Created using the CREATE MATERIALIZED VIEW statement.
CREATE MATERIALIZED VIEW [LOG ON] mat_view ENABLE QUERY REWRITE AS subquery;

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Understanding Sequences
A sequence: • Automatically generates unique numbers • Is a sharable object • Is typically used to create a primary-key value • Replaces application code • Speeds up the efficiency of accessing sequence values when cached in memory

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Creating a Sequence
Define a sequence to generate sequential numbers automatically.
CREATE SEQUENCE sequence [INCREMENT BY n] [START WITH n] [{MAXVALUE n | NOMAXVALUE}] [{MINVALUE n | NOMINVALUE}] [{CYCLE | NOCYCLE}] [{CACHE n | NOCACHE}]; CREATE SEQUENCE dept_deptid_seq INCREMENT BY 10 START WITH 120 MAXVALUE 9999 NOCACHE NOCYCLE; Sequence created.
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Confirming Sequences
• Verify your sequence values in the USER_SEQUENCES data dictionary table.
sequence_name, min_value, max_value, increment_by, last_number user_sequences;

SELECT FROM

The LAST_NUMBER column displays the next available sequence number if NOCACHE is specified.

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Using a Sequence
• You can refer to sequence values in SQL statements with the following pseudocolumns:
– The CURRVAL pseudocolumn returns the current value of a sequence. – The NEXTVAL pseudocolumn increments the sequence and returns the next value.

You must qualify CURRVAL and NEXTVAL with the name of the sequence:
– sequence.CURRVAL – sequence.NEXTVAL

• •
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NEXTVAL returns a unique value every time it is referenced, even for different users. NEXTVAL must be issued for that sequence before CURRVAL contains a value.
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Using a Sequence: Example
• Insert a new department named Support.

INSERT INTO depts(id,name) VALUES (dept_deptid_seq.NEXTVAL, 'Support'); 1 row created.

View the current value for the DEPT_DEPTID_SEQ sequence.
dept_deptid_seq.CURRVAL dual;

SELECT FROM

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Caching Sequence Values
• • Caching sequence values in memory allows faster access to those values. Gaps in sequence values can occur when:
– A rollback occurs – The system crashes – A sequence is used in another table

If the sequence was created with NOCACHE, view the next available value, by querying the USER_SEQUENCES table.

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Altering a Sequence
Change the increment value, maximum value, minimum value, cycle option, or cache option.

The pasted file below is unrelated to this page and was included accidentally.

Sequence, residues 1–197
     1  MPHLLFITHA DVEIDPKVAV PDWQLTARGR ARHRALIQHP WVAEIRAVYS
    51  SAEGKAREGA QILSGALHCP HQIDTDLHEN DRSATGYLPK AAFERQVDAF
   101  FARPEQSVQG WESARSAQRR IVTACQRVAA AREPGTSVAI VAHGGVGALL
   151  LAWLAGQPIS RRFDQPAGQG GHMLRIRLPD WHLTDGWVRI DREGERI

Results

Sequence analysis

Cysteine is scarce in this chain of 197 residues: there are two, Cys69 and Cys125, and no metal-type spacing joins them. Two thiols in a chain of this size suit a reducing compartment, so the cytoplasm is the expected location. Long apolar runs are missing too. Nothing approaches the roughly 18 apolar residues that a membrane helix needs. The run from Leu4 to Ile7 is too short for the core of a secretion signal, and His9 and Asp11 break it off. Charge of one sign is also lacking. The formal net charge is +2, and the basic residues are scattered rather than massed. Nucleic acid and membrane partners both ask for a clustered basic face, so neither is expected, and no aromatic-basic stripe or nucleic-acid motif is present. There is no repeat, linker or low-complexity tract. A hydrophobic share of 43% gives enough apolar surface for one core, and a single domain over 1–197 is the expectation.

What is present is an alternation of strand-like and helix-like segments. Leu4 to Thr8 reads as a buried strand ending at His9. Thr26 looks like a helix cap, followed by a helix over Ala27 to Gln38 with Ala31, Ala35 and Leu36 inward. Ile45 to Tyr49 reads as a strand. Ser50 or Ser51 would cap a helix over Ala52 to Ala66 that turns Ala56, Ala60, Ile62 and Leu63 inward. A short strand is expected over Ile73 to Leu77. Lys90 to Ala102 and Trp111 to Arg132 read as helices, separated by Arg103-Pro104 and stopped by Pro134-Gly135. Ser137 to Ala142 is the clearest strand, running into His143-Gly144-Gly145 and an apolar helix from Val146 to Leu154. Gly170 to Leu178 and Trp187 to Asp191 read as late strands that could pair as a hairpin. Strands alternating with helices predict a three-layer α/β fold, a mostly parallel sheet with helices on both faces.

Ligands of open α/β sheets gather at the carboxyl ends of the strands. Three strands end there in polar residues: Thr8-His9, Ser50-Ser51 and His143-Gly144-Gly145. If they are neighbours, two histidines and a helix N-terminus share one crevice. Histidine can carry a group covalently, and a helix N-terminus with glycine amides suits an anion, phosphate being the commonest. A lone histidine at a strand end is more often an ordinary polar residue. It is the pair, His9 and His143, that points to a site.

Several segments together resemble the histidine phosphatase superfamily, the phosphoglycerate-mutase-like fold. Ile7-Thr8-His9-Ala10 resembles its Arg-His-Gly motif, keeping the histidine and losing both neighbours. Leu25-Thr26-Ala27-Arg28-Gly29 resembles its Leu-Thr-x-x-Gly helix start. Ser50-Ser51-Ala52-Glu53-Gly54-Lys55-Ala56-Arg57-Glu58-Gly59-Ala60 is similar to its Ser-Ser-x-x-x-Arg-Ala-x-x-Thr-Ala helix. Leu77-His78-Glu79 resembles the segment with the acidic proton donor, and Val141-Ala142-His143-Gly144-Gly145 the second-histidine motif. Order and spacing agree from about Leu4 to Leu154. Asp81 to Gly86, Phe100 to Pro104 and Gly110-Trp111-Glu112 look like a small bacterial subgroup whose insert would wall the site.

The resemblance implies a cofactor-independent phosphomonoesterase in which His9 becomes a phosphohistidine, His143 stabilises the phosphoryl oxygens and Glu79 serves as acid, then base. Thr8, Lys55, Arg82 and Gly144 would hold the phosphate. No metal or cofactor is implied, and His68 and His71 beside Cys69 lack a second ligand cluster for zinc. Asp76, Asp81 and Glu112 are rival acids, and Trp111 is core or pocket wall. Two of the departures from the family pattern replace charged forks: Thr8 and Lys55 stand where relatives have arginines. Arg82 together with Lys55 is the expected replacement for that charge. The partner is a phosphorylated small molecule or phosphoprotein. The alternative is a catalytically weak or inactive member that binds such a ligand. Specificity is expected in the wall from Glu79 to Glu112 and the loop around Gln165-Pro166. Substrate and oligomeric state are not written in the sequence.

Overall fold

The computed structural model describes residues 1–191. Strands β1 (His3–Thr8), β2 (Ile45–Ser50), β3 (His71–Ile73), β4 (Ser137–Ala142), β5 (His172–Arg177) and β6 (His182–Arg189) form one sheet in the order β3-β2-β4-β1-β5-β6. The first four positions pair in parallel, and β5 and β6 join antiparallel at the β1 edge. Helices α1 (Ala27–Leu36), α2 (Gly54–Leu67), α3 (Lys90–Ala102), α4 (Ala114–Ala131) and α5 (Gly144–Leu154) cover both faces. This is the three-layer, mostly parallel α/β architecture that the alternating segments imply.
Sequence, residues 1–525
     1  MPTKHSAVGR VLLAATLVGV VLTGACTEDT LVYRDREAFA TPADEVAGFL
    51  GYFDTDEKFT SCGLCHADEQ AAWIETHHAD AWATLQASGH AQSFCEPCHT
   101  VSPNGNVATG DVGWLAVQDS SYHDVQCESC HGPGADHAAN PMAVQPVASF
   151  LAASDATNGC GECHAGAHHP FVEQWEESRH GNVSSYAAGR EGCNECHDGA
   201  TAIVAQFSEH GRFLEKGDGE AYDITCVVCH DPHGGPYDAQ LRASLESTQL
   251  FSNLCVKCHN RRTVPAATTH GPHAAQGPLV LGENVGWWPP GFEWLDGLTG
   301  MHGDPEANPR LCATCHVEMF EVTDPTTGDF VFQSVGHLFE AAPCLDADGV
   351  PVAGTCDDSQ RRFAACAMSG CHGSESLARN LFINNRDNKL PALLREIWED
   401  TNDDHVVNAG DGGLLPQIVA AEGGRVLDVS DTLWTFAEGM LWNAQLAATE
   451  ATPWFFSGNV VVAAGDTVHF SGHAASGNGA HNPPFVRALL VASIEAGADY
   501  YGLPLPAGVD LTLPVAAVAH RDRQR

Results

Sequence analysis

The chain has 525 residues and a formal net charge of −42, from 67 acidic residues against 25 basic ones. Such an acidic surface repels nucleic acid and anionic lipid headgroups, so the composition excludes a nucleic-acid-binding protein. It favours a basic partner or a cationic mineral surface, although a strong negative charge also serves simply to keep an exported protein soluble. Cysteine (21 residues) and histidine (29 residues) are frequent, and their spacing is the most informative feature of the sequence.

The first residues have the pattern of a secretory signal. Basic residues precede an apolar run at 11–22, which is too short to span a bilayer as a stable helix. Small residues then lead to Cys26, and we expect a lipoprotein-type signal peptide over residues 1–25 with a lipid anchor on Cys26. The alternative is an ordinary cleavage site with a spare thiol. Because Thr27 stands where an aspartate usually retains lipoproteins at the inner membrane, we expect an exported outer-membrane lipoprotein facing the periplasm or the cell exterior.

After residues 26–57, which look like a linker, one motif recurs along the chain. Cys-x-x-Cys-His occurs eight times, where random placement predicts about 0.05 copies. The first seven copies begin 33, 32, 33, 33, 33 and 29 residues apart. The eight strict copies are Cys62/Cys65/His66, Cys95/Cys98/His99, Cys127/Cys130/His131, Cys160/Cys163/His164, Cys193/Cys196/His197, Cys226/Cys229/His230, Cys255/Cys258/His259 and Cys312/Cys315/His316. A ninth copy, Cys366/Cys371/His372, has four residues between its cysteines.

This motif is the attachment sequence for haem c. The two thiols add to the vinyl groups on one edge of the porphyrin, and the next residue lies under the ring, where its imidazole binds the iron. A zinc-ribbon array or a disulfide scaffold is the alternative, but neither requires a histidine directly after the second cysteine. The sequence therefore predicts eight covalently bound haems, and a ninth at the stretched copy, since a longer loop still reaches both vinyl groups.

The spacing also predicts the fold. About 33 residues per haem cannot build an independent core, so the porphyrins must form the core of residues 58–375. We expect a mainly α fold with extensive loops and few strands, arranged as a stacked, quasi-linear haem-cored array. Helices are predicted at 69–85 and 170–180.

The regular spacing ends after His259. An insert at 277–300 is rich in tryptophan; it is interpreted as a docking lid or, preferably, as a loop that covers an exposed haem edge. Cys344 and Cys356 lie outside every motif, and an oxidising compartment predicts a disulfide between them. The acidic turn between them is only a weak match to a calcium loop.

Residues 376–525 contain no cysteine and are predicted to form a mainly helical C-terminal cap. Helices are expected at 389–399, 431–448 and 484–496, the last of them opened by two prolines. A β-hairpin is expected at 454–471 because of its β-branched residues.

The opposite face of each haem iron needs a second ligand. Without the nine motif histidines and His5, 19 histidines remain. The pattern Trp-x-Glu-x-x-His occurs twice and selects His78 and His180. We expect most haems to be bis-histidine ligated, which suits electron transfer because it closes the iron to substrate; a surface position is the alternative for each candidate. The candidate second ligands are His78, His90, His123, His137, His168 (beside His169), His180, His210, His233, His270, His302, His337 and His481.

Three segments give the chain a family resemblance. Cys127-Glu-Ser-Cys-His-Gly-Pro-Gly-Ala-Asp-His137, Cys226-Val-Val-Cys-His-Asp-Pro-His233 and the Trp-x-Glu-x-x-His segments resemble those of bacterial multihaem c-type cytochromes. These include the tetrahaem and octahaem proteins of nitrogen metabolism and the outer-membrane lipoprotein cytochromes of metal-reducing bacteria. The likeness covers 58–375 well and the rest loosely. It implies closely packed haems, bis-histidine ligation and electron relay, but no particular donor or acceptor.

ALTER SEQUENCE dept_deptid_seq INCREMENT BY 20 MAXVALUE 999999 NOCACHE NOCYCLE; Sequence altered.

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Modifying Sequences: Guidelines

• • • •

You must be the owner or have the ALTER privilege for the sequence. Only future sequence numbers are affected. The sequence must be dropped and re-created to restart the sequence at a different number. Some validation is performed.

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Removing a Sequence
• • Remove a sequence from the data dictionary by using the DROP SEQUENCE statement. Once removed, the sequence can no longer be referenced.

DROP SEQUENCE dept_deptid_seq; Sequence dropped.

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Creating a Synonym for an Object
• • Simplify access to objects by creating a synonym (another name for an object). With synonyms, you can:
– Refer to a table owned by another user – Shorten lengthy object names CREATE [PUBLIC] SYNONYM synonym FOR object;

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Creating and Removing Synonyms

Create a shortened name for the DEPT_SUM_VU view.

CREATE SYNONYM d_sum FOR dept_sum_vu; Synonym Created.

Drop a synonym.

DROP SYNONYM d_sum; Synonym dropped.

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Summary
In this lesson, you should have learned how to do the following: • Create and maintain a view • Retrieve, insert, update, and delete data through a view • Create, maintain, and use sequences • Create and maintain indexes • Create private and public synonyms

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Practice 6: Overview
This practice covers the following topics: • Creating a simple and a complex view • Creating a view with a CHECK constraint • Attempting to modify data in the view • Removing views • Creating and using sequences • Creating nonunique indexes • Displaying data dictionary information about views, sequences, and indexes • Dropping indexes